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Experts to Analyze New Whistleblower Protections

The Government Accountability Project, the nation’s leading whistleblower organization, is hosting a meeting of legal experts, whistleblowers, and food safety experts in Washington, D.C. Friday to discuss the “far-reaching implications” of the legal protections for food industry workers included in the new food safety law.

According to GAP, the FDA Food Safety Modernization Act establishes the first-ever private sector whistleblower protections enacted specifically for the food industry. The new law allows whistleblowers to speak out about violations–involving FDA-regulated food products–at any point in the food supply chain without fearing retaliation.

“This is a sea change for the food industry,” said GAP Food Integrity Campaign director Amanda Hitt. “The new law provides monumental reforms, and we’re going to spotlight how the whistleblower provision is a huge step for private sector employees and its ability to protect consumers. Giving industry workers a safe channel to report bad practices is paramount to safeguarding public health.”

For example, according to GAP, protections would now extend to a line worker who is demoted for refusing to pack eggs he or she reasonably believes could be contaminated with Salmonella or to a peanut butter plant manager who is fired for providing FDA positive pathogen test results.

Friday’s conference, hosted by the American University Washington College of Law, will feature high-profile food industry whistleblowers, including:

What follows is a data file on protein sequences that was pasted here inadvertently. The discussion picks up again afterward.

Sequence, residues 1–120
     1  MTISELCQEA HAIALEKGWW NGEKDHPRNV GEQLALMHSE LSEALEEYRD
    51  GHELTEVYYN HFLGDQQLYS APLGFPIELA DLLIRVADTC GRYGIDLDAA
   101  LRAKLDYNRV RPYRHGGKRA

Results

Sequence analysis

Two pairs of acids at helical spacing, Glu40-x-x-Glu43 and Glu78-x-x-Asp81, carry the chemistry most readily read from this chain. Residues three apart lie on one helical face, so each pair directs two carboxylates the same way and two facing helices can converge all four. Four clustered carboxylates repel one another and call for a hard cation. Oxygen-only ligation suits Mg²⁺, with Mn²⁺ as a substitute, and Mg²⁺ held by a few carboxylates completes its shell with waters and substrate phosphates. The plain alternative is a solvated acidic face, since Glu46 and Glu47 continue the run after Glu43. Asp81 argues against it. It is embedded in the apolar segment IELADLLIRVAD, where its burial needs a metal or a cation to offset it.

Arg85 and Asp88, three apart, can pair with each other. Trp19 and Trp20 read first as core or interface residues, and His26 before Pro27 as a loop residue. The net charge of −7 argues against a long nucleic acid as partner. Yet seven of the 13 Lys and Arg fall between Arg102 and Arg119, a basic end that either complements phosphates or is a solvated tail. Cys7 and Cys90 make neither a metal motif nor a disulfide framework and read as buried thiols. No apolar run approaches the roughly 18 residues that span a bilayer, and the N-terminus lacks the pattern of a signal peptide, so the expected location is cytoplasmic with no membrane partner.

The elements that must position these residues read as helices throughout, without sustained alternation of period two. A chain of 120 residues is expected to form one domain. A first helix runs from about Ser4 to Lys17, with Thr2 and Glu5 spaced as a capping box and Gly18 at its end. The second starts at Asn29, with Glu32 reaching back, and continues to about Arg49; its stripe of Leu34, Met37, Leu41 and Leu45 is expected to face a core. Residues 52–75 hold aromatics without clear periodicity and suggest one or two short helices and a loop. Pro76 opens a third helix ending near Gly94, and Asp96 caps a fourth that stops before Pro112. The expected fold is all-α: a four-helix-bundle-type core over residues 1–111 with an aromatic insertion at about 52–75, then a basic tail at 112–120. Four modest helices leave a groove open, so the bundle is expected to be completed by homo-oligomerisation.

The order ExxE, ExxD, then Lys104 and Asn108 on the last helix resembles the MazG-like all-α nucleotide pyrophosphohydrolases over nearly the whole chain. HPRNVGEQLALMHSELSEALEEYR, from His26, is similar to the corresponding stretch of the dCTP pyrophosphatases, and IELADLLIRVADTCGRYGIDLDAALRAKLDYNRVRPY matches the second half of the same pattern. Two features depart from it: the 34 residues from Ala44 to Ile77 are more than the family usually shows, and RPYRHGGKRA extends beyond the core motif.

— Kit Foshee, former Corporate Quality Assurance Manager at the nation’s leading producer of lean boneless beef, Beef Products, Inc (BPI). As GAP explains: “Foshee was fired for refusing to participate in his company’s knowing misrepresentation of microbial data to the USDA and FDA, and false claims made to customers about product safety. Foshee proved that BPI was knowingly overstating the safety benefits regarding its ammonia-beef treatment process. BPI meat is included in 80 percent of the hamburgers consumed in the United States, including at fast-food restaurants and the national school lunch program.”

— Former Peanut Corporation of America (PCA) assistant plant manager Kenneth Kendrick repeatedly reported to the Texas Department of Health incidences of rat infestation at his plant, and animal droppings falling into product, and a roof leak that allowed rainwater contaminated with bird feces to drip onto peanuts. “All of this happened before the massive Salmonella outbreak of 2009. Although the widespread Salmonella contamination was traced to PCA’s Georgia plant, it was Kendrick’s whistleblowing on Good Morning America that belied the company’s defense that the batch of peanut butter from the Georgia plant was an unexpected and isolated event,” explained GAP, in a recent press release.

Experts from the Center for Science in the Public Interest, Food & Water Watch, Union of Concerned Scientists, United Food and Commercial Workers International Union, Public Health Law Network, Farmworker Justice, and several others are expected to participate in the conference.

Food safety advocate and attorney Bill Marler, managing partner of Marler Clark LLP, publisher of Food Safety News, is keynoting the event.

More information on the seminar is available On the Whistelblower Website.

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